Lesson 9: Frequently Asked Questions
Tonight we’re going to discuss frequently asked questions regarding prayer. Let’s start with an easy one.
“Should I pray for people to get saved?”
There are two passages that immediately come to mind. The first is 1 Timothy 2:1-4. You might remember that when Pastor Kit preached on this passage, he said that the prayer for all men is a prayer for the salvation of all men. How do we know that? Well, look at v. 4. Paul says that God “desires all men to be saved and to come to the knowledge of the truth.” So, pray for the salvation of all men because God desires for all men to be saved.
But in case you’re not convinced that 1 Timothy 2:1-4 is about praying for the salvation of others, this next passage closes the case (Rom 10:1). Not too much to comment on there. God wants us to pray for people to be saved.
Let’s do another relatively easy one before we get into some deeper topics.
“To whom should I address my prayers? Is it wrong to pray to Jesus or the Holy Spirit?”
Consider this response from the popular Bible teacher, Dr. J. Vernon McGee:
“You’ll remember that the Lord Jesus told His apostles, 'Whatsoever ye shall ask the Father in my name, he will give it you' (John 16:23). He didn’t say we’re to ask the Holy Spirit, but we’re to ask the Father. When you pray to Christ or the Holy Spirit, you rob yourself of the Great Intercessor — that is, the Lord Jesus. So if you want to be right in your prayer life, pray to the Father and pray in the name of Christ. I believe that we should use the name of Jesus in prayer; I want the Father to know when I come to Him, I’m coming in Jesus’ name because I don’t have much standing up there but Jesus does. So I want to pray in the name of Jesus to the Father, and I trust that I pray down here in the power of the Spirit. Because we’re told that’s the way we are to pray. Paul says we have only two weapons down here that are for the offense of the believer, and one of them is 'praying always with all prayer and supplication in the Spirit' — not to the Spirit.”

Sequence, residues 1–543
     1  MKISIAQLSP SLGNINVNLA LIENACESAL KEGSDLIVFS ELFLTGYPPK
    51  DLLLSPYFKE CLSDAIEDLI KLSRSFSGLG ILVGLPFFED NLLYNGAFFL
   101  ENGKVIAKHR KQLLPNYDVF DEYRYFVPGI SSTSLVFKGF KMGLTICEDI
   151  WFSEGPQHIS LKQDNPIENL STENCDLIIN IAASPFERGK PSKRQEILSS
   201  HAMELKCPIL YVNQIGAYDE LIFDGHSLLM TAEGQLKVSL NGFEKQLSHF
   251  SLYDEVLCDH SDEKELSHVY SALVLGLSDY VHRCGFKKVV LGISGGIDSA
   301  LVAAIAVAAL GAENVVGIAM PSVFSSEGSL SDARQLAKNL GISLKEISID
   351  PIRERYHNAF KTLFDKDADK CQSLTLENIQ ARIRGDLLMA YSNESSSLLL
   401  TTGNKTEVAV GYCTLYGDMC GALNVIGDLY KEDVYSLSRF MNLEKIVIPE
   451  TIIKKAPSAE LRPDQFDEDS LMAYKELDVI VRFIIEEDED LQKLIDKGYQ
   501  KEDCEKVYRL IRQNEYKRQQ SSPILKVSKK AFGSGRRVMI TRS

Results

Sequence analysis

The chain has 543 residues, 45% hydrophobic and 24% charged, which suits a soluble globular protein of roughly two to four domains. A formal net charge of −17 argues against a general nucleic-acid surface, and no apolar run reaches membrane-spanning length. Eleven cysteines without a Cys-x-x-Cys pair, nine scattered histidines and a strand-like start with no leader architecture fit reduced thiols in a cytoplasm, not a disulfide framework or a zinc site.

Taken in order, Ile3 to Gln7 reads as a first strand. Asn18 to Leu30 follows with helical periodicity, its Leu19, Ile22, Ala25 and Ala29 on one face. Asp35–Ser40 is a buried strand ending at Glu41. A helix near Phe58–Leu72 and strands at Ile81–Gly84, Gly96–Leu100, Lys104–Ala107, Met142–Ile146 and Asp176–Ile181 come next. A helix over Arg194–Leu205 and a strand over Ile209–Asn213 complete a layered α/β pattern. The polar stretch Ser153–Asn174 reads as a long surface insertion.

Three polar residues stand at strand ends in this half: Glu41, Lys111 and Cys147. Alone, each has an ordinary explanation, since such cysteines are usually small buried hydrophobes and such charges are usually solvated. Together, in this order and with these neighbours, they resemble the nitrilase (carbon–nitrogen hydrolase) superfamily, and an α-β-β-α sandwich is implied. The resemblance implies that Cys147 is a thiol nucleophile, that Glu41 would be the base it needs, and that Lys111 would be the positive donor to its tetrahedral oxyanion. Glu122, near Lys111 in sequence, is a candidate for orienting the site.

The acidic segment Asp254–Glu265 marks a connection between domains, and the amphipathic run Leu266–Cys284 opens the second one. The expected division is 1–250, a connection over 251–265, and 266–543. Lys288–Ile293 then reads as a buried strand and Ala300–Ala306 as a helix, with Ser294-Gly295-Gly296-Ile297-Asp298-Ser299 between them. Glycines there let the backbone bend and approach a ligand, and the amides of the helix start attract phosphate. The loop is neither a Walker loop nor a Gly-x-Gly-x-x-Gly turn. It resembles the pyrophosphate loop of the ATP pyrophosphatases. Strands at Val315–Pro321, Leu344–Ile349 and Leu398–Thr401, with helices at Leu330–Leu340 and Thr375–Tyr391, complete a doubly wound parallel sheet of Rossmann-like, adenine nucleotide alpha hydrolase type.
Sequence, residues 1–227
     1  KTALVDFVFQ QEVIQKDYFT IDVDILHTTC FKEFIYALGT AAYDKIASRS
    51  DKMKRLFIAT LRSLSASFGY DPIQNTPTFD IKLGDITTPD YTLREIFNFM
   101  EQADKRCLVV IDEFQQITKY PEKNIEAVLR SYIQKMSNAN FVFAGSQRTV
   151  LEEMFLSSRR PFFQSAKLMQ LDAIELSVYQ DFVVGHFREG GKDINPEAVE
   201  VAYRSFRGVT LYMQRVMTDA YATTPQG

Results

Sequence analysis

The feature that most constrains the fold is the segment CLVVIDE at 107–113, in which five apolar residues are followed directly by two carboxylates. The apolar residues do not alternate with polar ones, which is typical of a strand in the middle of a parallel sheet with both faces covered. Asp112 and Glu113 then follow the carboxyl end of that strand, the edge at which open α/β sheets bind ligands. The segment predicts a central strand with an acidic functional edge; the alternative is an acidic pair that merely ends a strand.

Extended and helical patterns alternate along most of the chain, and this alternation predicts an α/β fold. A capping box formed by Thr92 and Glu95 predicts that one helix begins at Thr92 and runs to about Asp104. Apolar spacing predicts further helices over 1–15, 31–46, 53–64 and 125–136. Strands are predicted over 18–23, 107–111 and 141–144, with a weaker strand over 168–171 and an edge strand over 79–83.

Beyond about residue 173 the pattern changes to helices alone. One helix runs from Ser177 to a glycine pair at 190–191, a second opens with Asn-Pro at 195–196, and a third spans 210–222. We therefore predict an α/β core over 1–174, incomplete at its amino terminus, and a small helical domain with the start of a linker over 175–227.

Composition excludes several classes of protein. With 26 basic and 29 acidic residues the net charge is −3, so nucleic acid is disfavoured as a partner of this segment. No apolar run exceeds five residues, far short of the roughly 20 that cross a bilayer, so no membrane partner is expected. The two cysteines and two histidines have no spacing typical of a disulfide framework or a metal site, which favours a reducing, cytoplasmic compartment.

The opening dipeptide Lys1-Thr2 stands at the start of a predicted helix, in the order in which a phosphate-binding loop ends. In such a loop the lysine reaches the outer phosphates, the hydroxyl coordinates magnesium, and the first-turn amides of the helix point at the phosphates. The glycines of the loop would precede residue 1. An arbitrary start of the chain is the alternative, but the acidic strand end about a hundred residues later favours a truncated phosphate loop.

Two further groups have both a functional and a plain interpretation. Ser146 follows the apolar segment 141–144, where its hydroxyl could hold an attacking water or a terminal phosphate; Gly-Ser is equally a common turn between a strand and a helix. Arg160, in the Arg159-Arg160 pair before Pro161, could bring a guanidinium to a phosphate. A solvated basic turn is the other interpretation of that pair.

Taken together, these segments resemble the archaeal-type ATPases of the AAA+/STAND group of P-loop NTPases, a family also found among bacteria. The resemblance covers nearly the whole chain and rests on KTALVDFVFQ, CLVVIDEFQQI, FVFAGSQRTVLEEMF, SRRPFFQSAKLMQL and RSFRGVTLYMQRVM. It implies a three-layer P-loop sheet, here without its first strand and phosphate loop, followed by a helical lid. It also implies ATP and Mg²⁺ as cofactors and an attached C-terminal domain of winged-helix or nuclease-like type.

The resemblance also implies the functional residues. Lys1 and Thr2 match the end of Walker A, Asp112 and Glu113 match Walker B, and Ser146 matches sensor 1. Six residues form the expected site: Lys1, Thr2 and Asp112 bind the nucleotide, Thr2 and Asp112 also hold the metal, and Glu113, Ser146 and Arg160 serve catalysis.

Now, I think we should go easy on Dr. McGee. After all, I just found this quote online. I have no idea of the context in which it was stated. However, if I’m understanding him correctly and he’s saying that we should only pray to the Father and never to the Son or the Spirit, then I would have to respectfully disagree.
Our normal practice should be to pray to the Father through the Spirit in Jesus’ name.
So, here’s how I would answer this question. I’d do it in three parts. First, I would say that our normal practice should be to pray to the Father through the Spirit in Jesus’ name. That is the biblical pattern. The Father’s primary role in prayer is addressee. He is the One to whom we pray. The vast majority of biblical prayers along with the model prayer that Jesus gave us are all addressed to Him. Jesus’ primary role is mediator and high priest. If it wasn’t for His work, we would not have access to God the Father. The primary role of the Spirit is to help us in prayer. Paul says in Ephesians 6:18 that we are to pray “in the Spirit” and in Romans 8 that the Spirit makes intercession for us according to the will of God when we don’t know what to pray for. That’s part one.
It’s certainly not wrong to pray to Jesus or to the Spirit.
Part two is that it’s certainly not wrong to pray to Jesus or to the Spirit. Why? Well, first, because Jesus is God and so is the Holy Spirit. If prayer is talking to God, and Jesus is God, then by very definition, I should be able to pray to Jesus. Even more significantly, there is biblical precedence for praying to Jesus. This morning, I referenced a prayer to Jesus found in Revelation 22:20: “Even so, come, Lord Jesus!” Also, in 1 Corinthians 1:2, Paul characterizes Christians by saying that they are those who “call on the name of Jesus Christ our Lord.” What does it mean to call on the name of the Lord? At the very least, it means to pray to Him! In addition, before he died, Stephen prayed, “Lord Jesus, receive my spirit” (Acts 7:59). So clearly, it’s not wrong to pray to Jesus.